At King Latham Law, PLLC, we specialize in employment law, specifically involving workplace discrimination. We have noticed that our clients tend to have certain questions again and again as to what to do when they feel they have been discriminated against at work. This article will tell you the basics of pursuing a workplace discrimination claim, especially what you need to do before contacting a lawyer.
Not All Discrimination Is Illegal
It seems to be common sense that discrimination is illegal. In the United States, discrimination is almost always considered negative. However, discrimination is not always illegal, especially regarding discrimination in employment. You cannot sue an employer for discrimination if the discrimination is not illegal, so it is important to know what discrimination is legal and what is not.
Unfortunately, it is not illegal for an employer to treat you differently because they just don’t like you, or because you wear black jeans. There are specific, limited types of discrimination that are illegal.
There are three main sources of law which give rise to employment discrimination claims: Title VII of the Civil Rights Act of 1964, The Age Discrimination Act of 1967, and the Americans With Disabilities Act of 1990. Title VII of the Civil Rights Act of 1964 made it illegal for employers to discriminate based on race, color, religion, sex, or national origin. The Age Discrimination in Employment Act of 1967 made it illegal for employers to discriminate against employees of at least 40 years of age if that discrimination is based on their age. The Americans With Disabilities Act of 1990 made it illegal for employers to discriminate against disabled employees.
It is important to note that you may qualify as a disabled employee under the ADA if you have “a physical or mental impairment that substantially limits one or more major life activities,” if you have “a record of such an impairment,” or if you are “regarded as having such an impairment.” This means that if your employer discriminates against you because you used to have cancer or if they thought you had cancer but didn’t, for example, this is still illegal discrimination based on disability, even if you no longer have cancer or never had it at all.
If you feel you were discriminated against for a reason not listed above, you unfortunately likely do not have a legal claim based on that discrimination.
The EEOC Process
What most people don’t know is that you cannot immediately sue your employer after you face illegal discrimination at work. Before you can file a lawsuit, you need to go through a standard process with the Equal Employment Opportunity Commission, or “EEOC.” You can start this process by going to the EEOC website (link). There, you can find the correct phone number to call to schedule an interview and begin the process of filing a charge of discrimination. You can also go to your local EEOC office in person to start the process, although this is done on a first-come-first-serve basis and the EEOC is always extremely busy, so you would likely need to go to the office right when it opens to take advantage of this option.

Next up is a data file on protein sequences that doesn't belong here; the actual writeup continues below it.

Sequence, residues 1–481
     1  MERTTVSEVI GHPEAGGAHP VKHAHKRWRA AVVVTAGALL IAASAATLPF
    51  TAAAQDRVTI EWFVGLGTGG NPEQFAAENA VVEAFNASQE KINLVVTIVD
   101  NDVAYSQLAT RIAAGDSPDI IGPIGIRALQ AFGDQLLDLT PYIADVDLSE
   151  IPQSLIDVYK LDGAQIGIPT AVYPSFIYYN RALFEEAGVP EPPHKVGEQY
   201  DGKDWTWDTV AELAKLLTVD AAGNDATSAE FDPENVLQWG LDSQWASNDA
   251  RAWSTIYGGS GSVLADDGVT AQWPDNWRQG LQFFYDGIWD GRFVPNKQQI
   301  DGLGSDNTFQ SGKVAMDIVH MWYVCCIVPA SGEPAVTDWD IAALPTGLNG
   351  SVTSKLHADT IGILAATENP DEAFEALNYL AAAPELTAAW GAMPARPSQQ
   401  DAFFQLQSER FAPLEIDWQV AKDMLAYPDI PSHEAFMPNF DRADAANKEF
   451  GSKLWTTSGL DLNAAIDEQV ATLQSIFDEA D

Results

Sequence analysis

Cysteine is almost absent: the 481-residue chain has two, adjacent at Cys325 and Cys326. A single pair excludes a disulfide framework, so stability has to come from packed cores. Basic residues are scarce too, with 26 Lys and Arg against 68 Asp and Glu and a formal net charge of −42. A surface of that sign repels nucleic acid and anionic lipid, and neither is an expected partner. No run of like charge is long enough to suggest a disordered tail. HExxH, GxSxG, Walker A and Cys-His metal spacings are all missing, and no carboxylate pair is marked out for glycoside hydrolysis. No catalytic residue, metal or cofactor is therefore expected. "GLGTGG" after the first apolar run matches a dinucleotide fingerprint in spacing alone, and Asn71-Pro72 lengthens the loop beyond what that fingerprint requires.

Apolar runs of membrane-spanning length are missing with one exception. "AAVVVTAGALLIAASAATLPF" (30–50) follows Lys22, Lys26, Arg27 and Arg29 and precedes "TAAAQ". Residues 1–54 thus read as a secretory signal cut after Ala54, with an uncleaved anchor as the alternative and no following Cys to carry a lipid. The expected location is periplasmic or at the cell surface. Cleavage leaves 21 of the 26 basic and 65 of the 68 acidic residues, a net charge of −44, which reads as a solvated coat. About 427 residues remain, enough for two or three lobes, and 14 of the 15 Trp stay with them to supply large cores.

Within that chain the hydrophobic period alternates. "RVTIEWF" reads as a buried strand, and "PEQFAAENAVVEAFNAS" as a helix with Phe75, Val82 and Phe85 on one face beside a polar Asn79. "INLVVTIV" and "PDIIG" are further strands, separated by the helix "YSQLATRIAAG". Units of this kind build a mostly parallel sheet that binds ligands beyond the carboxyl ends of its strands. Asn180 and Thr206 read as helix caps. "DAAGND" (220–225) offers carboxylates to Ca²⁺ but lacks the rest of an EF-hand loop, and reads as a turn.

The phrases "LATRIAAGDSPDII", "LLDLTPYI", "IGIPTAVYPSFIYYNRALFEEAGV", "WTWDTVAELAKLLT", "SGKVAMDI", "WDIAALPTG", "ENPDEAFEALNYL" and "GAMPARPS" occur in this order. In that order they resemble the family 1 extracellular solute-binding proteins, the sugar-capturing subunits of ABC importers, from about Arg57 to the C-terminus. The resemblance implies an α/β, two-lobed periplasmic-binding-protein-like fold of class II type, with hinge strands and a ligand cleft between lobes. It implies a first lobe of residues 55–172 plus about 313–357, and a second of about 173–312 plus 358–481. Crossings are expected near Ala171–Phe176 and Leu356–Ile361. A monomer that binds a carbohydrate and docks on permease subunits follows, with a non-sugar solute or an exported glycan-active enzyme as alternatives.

It is absolutely imperative, if you want to pursue a claim against an employer, to start this process as soon as possible after the discrimination occurs. Because the EEOC is so busy, this process can take several months and you must file your charge within 180 days of the discrimination or you cannot pursue your claim.
Once you file a charge with the EEOC, the EEOC will conduct an investigation to see if it is likely that the discrimination you claim occurred did, in fact, happen. Usually, it is not necessary to retain the help of a lawyer during this process, although this is permitted if you prefer. This process also includes attempts to resolve the issue without a lawsuit, called “conciliation.”
After the investigation, if the EEOC decides that it is likely that discrimination occurred and you and your employer were unable to resolve the issue, the EEOC will either decide to help you bring your claim in court or will issue you a Notice of Right to Sue.
You cannot file a lawsuit for employment discrimination unless the EEOC is handling your claim at this stage or you have been issued a Notice of Right to Sue, so it is important to take the EEOC process seriously and comply with all aspects of the process.
Filing a Lawsuit
Because the EEOC handles so many discrimination investigations, it is extremely rare that the EEOC will help you pursue your claim after this point. Most people will receive Notices of Right to Sue and find private lawyers who will help them file a lawsuit against their employer. This is the stage that people tend to think of as “suing” their employer, and this is the stage when we at King Latham Law, PLLC usually begin helping clients pursuing claims of employment discrimination. At this point, we can review the record created during the EEOC’s investigation and help you file a lawsuit and move forward with your claim in civil court. If you have gone through the EEOC process and have been issued a Notice of Right to Sue, please contact us if you would like us to handle your claim.